Quick Reference

1 The name given to that portion of the mast of a large sailing vessel where an upper mast overlaps the lower, as a topmast with a lower mast, or a topgallant mast with a topmast. It is a word more often used in the plural than in the singular, as in normal square-rigged sailing vessels each mast will have two doublings.

2 The operation of covering a ship with extra planking or plates when the original skin is weak or worn. In wooden ships the term was only used when the new planking was more than 5 centimetres (2 in.) thick.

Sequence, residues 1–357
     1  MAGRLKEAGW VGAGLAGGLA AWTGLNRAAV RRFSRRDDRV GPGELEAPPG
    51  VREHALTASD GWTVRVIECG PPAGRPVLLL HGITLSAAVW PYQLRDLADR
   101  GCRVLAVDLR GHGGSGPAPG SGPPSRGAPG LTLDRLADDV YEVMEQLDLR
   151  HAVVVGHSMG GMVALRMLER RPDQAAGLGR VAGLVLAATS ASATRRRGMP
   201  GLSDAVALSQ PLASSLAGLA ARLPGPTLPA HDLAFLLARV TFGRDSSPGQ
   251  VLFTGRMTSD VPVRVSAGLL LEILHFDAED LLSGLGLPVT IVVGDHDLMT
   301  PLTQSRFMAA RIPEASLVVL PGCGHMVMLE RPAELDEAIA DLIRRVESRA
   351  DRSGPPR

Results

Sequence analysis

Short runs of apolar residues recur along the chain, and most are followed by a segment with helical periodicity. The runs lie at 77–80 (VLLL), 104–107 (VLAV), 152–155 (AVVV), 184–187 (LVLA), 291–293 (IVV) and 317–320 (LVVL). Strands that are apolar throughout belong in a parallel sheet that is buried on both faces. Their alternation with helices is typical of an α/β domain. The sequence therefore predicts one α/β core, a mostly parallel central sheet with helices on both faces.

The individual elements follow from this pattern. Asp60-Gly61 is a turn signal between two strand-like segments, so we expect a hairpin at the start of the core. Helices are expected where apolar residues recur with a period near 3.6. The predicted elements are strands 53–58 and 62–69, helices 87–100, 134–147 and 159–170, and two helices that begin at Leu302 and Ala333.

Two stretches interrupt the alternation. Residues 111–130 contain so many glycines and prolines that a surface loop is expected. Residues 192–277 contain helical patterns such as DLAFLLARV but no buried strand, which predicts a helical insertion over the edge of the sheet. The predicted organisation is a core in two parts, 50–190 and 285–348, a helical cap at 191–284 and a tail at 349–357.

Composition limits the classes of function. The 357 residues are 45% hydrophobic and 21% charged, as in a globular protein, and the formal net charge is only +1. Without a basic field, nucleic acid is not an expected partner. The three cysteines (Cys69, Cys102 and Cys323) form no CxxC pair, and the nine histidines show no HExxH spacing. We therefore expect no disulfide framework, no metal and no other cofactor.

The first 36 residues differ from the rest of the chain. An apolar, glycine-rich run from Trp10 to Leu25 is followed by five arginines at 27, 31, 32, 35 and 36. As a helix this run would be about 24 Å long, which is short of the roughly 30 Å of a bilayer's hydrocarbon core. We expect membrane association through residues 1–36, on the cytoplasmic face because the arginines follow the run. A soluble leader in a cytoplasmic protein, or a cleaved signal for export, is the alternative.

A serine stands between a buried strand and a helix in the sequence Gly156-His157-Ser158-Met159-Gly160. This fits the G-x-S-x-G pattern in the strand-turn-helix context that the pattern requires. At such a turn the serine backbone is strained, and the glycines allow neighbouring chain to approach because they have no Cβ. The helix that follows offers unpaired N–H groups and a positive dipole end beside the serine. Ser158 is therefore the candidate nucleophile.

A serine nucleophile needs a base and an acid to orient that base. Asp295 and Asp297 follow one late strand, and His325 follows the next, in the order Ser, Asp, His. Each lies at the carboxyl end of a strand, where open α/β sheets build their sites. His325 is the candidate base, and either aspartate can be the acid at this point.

3 Doubling a cape or other point of land means sailing a vessel round it so that on completion the land is between the ship and its original position. The verb, to double, can also be used for the last two definitions.

Subjects: Maritime History.

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